Fishing out the proteomic changes in salmon exposed to drugs

November 21, 2014 § Leave a comment

Researchers looked at how pharmaceuticals in water affected protein expression in the livers of Atlantic salmon. Photo provided by Miriam Hampel.

Researchers looked at how pharmaceuticals in water affected protein expression in the livers of Atlantic salmon. Photo provided by Miriam Hampel.

Pharmaceutical compounds in waterways have become a growing environmental concern. Researchers want to know how the human and veterinary drugs affect fish and other aquatic animals as well as how these drug-bearing animals affect the food chain on which we rely.

In a paper just out in the journal Molecular & Cellular Proteomics, investigators analyzed how three common human drugs affect Atlantic salmon. They chose to study Atlantic salmon because wild stocks of the fish are dwindling. Water quality is thought to be one cause of the decline.

The investigators studied the pain-killer acetaminophen, the hypertension drug atenolol, and epilepsy and antidepression drug carbamazepine. These drugs represent different classes of pharmaceuticals.

By carrying out proteomics based on mass spectrometry, the investigators found that exposure to environmentally relevant concentrations of the three drugs changed the protein-expression profile in the livers of the salmon.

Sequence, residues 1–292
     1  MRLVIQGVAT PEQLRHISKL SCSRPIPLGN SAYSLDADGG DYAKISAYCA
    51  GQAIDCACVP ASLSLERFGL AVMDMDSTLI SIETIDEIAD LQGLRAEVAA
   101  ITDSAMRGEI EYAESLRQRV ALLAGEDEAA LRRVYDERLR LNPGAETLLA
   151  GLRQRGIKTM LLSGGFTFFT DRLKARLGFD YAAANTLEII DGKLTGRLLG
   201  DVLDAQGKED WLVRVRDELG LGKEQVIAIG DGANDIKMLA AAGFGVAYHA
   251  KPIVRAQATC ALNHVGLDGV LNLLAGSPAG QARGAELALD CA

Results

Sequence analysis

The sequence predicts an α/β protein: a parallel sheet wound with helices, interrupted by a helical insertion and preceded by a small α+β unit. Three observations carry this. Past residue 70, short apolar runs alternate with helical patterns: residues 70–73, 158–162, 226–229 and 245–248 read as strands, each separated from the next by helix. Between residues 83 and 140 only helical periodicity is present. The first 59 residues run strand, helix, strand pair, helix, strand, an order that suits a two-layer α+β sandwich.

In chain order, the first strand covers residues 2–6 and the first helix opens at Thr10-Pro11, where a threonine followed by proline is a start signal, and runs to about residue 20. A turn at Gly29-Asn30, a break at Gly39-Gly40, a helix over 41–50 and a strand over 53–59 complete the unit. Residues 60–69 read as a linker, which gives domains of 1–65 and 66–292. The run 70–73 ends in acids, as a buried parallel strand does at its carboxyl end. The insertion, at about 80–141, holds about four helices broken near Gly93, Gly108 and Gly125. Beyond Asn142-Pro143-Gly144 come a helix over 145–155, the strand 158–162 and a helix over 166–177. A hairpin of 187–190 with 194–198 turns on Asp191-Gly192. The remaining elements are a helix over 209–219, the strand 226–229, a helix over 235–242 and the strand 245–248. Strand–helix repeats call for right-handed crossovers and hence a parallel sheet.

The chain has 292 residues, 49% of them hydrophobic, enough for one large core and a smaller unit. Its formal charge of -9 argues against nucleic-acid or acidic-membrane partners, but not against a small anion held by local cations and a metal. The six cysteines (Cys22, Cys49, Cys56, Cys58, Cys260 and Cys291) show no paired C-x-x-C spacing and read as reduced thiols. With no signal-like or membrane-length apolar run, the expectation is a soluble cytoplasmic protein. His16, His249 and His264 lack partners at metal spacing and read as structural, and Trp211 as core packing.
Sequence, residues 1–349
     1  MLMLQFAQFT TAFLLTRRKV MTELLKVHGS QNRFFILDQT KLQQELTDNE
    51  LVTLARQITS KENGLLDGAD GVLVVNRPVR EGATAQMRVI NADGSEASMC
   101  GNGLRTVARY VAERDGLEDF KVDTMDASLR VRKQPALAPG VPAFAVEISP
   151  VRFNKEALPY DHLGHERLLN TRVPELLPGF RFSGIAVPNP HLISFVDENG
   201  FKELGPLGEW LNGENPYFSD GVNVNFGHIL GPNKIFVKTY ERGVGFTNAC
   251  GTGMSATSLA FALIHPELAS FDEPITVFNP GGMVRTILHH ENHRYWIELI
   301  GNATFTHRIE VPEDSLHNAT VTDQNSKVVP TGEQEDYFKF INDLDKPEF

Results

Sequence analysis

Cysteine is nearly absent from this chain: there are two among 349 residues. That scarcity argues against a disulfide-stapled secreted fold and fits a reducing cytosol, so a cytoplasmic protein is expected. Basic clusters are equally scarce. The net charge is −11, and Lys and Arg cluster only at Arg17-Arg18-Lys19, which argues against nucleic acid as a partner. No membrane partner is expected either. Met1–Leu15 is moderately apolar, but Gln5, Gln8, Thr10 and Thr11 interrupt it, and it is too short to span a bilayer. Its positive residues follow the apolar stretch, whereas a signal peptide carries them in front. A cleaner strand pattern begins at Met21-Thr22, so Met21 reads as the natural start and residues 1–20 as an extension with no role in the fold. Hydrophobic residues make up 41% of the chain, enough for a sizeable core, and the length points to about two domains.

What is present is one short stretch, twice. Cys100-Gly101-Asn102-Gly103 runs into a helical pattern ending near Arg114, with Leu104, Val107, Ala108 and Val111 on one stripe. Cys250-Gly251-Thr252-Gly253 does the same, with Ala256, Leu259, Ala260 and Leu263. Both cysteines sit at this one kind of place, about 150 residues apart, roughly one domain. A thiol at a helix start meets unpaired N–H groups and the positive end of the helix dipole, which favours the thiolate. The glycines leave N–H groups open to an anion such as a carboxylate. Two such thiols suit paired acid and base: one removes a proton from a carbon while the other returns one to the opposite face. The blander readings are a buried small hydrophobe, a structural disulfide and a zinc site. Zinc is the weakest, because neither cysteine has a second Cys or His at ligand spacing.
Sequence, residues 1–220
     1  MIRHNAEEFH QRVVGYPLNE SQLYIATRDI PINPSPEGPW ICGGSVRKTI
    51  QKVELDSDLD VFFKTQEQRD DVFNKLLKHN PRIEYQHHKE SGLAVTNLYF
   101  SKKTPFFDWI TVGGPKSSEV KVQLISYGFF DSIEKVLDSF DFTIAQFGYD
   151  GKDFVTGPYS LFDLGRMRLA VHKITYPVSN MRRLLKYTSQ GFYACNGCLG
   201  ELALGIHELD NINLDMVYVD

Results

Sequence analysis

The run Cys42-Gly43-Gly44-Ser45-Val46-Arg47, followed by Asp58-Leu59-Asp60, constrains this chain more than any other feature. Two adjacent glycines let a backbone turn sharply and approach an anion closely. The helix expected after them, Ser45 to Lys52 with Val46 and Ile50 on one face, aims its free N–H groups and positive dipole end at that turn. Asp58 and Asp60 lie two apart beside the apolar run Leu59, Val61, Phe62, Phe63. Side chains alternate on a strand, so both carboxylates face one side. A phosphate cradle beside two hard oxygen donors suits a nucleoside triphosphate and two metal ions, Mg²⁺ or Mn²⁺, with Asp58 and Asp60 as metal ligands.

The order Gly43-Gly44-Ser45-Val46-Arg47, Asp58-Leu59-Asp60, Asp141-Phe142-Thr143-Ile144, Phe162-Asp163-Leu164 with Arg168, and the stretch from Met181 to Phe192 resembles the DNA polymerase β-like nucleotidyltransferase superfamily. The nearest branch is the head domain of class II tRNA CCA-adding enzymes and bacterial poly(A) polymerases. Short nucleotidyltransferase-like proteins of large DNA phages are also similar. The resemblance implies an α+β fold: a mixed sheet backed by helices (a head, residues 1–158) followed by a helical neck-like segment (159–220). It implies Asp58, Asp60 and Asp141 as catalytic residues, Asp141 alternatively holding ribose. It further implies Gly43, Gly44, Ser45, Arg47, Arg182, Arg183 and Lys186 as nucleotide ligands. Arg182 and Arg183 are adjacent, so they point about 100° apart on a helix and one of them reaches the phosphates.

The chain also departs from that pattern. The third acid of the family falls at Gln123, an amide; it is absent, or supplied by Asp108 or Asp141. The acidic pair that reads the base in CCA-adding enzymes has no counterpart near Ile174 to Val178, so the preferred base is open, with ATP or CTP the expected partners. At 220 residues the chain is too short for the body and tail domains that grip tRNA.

In particular, the investigators observed that levels of enzymes involved in energy metabolism, such as mitochondrial ATP synthase, acetyl-CoA acetyltransferase, and glyceraldehydes-3-phosphate dehydrogenase, changed. The first author on the paper, Miriam Hampel at the Andalusian Centre for Marine Science and Technology in Spain, says that it was surprising to see changes in protein-expression levels in the fish even in the presence of low concentrations of the drugs.

Hampel and colleagues now want to see how molecular mechanisms in which these enzymes are involved are affected. As Hampel explains, the most important step will be “to link these and similar findings with physiological effects in exposed organisms that could indicate long-term ecological effects.”

The ecological effects are not just limited to the Atlantic salmon, notes Hampel.  “Humans are also more and more exposed to these compounds through drinking water,” she says.

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